34 thoughts on “Dam Opponents Petition for Halt”

  1. Yesterday Rebecca Quinn, a member of Citizens for A Sustainable Water Plan, read the following statement explaining why our group has sent letters to the U.S Army Corps of Engineers and the State Water Control Board. The full text of these letters can be found at:


    This was Ms. Quinn’s statement to the press:

    Our request that the U.S. Army Corps of Engineers and the State Water Control Board/DEQ suspend, terminate, reevaluate, modify, or revoke the permits issued to the Rivanna Water and Sewer Authority to build a new dam and uphill pipeline is about making decisions based on new information and new studies that show the original information was wrong.

    It is about a better solution to provide abundant water for anticipated development in a matter that will not unnecessarily raise water bills and will not destroy more than two miles of streams, acres of wetlands, and thousands of mature hardwood trees at Ragged Mountain Natural Area.

    Two numbers are important, how much water will we need, and how much water do we have.

    The proposed new big dam at Ragged Mountain and the need for an uphill pipeline from South Fork Rivanna Reservoir to fill it are based entirely on faulty estimates of those two numbers.

    We have known for a long time that both of those estimates are off, and the evidence is they are off by a lot.

    The Federal and State regulators are charged not with approving whatever an applicant wants, but with protecting our streams and wetlands. Therefore, we have asked that they suspend the permit pending reevaluation of new information based on new studies that call into question the public need for the dam and pipeline. At the very least, dredging must be put back on the table as an alternative.

    Charlottesville and Albemarle homeowners and business owners shouldn’t be burdened now with higher water bills to pay for a project that we don’t need, or may not need for 40 to 50 years.

    And we shouldn’t have to lose vital streams, wetlands, and forests, that would make the entire community much poorer.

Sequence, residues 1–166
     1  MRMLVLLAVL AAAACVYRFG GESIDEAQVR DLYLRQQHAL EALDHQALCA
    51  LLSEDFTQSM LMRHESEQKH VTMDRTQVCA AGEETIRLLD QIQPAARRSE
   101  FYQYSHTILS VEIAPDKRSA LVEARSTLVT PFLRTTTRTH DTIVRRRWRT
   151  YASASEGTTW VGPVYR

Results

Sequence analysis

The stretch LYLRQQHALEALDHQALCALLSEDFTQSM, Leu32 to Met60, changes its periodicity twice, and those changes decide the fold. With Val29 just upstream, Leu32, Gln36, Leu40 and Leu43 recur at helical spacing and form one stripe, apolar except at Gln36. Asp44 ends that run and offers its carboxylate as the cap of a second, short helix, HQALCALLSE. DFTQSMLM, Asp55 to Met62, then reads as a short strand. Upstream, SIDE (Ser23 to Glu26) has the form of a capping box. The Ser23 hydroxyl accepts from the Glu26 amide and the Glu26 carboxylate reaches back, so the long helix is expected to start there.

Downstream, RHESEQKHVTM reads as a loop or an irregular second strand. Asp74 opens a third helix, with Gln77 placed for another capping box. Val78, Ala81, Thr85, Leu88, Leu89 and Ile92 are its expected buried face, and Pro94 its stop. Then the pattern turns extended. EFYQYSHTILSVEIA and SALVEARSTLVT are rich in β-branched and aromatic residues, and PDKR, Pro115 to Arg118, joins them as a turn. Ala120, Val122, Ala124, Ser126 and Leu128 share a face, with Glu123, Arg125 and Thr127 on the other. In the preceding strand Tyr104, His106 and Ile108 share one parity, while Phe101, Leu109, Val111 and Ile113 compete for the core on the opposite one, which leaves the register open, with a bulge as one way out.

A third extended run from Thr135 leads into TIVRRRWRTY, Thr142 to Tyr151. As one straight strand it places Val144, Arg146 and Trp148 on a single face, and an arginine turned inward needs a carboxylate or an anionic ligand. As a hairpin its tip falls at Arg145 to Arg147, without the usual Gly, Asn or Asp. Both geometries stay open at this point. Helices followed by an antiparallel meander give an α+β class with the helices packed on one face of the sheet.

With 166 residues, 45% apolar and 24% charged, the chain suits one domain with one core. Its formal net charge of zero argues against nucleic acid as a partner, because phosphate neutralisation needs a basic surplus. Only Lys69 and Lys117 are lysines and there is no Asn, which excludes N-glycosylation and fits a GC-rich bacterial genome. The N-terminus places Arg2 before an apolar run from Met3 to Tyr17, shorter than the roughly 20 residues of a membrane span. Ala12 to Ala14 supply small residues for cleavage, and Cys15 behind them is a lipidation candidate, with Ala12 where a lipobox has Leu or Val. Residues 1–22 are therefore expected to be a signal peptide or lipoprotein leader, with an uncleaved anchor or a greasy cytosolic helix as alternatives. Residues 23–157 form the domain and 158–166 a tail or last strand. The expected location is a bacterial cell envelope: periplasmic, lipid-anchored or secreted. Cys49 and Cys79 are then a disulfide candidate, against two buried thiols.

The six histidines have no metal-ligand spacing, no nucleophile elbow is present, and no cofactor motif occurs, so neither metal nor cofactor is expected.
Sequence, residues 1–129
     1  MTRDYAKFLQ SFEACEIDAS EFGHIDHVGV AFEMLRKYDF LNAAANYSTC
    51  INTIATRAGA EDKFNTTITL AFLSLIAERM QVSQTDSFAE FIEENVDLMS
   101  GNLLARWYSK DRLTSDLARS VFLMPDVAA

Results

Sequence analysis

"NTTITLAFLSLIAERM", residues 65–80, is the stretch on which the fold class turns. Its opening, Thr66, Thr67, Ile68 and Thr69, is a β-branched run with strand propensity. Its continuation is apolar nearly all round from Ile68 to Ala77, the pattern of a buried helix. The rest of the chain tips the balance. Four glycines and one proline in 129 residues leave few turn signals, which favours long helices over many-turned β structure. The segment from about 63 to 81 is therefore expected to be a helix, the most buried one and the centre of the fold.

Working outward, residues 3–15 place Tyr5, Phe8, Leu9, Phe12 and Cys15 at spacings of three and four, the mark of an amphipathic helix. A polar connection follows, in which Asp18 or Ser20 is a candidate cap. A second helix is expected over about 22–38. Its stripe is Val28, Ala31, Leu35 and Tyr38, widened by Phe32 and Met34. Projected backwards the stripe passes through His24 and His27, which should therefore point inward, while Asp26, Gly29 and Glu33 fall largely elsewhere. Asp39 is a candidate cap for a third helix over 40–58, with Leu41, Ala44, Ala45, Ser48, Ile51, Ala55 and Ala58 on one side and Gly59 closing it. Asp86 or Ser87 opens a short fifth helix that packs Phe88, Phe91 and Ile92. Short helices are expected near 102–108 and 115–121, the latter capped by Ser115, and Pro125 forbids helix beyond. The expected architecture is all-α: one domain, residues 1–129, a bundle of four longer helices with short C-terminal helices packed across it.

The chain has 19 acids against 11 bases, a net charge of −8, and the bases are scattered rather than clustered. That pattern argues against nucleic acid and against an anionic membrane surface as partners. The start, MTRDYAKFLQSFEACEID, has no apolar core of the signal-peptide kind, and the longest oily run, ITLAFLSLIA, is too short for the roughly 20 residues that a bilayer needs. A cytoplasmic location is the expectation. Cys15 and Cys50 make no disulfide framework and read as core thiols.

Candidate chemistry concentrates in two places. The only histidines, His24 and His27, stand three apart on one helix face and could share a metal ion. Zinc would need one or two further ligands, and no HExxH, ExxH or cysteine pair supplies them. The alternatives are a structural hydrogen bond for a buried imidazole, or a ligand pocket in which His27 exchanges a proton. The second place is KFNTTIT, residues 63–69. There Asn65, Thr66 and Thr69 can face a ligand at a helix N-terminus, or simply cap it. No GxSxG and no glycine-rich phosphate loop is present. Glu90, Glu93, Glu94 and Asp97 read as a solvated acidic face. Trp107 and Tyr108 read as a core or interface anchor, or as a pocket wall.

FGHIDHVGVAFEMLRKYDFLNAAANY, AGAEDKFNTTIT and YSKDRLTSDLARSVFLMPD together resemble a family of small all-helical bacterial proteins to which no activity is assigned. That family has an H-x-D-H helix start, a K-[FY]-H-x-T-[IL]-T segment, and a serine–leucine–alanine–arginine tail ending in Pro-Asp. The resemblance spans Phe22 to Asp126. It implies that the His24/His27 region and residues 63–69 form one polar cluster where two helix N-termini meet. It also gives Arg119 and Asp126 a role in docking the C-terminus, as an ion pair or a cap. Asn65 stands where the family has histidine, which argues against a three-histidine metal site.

Citizens for a Sustainable Water Plan has been steadfast – dredge first, dam later.

  2. What business would proceed with a plan if the data upon which it was based had changed, the demand for the product had changed, and tens of millions of dollars could be saved by going with the alternative ?

    It is fiscally irresponsible to build the dam and uphill pipeline, through Albemarle County ( there is no route or engineered cost estimate), if there is a less costly, less environmentally damaging way to provide all the water this community needs for 40 years and beyond.

  3. Evan, this has been settled. Some people don’t want to stop fighting, however.

    You’ll note that this is a “request” that permits be revoked and settled plans altered. The Army Corp of Engineers has absolutely no obligation to do anything with this request.

    City resident and Betty Mooney can protest all they want. They will not get their way, however.

  4. No, it has not been settled. RWSA has request permit modifications from both state and federal agencies. It can not use the same permit issued for a concrete dam in 2006 for an earthen dam agreed upon in 2010. Siting and overflows are two tings that must be reconsidered since there is a difference in footprint and environmental impacts.
    @failing to see the issue, you will not only see it buy also feel in in the pocket book.

  5. It’s not about the money really, it never was. It’s about growth and how the city/nimby’s can limit the county’s.

    If it were just about money, Betty Mooney and all the others would insist that the Woolen Mills pumping station be built as proposed and save the ratepayers 9 million dollars.

    And yet they have been mostly mute on the expansion of the current pumping station.

    The best money would be to expand the plant and spend extra on making it as quiet and smell free as possible.

  6. This is not about limiting growth, but no matter how many times we say this the dam/pipeline supporters will use this argument.

    The amount of water that can be supplied by dredging our reservoir, given the new information supplied by the city study is enough for 40 years or beyond using the RWSA’s own growth projections.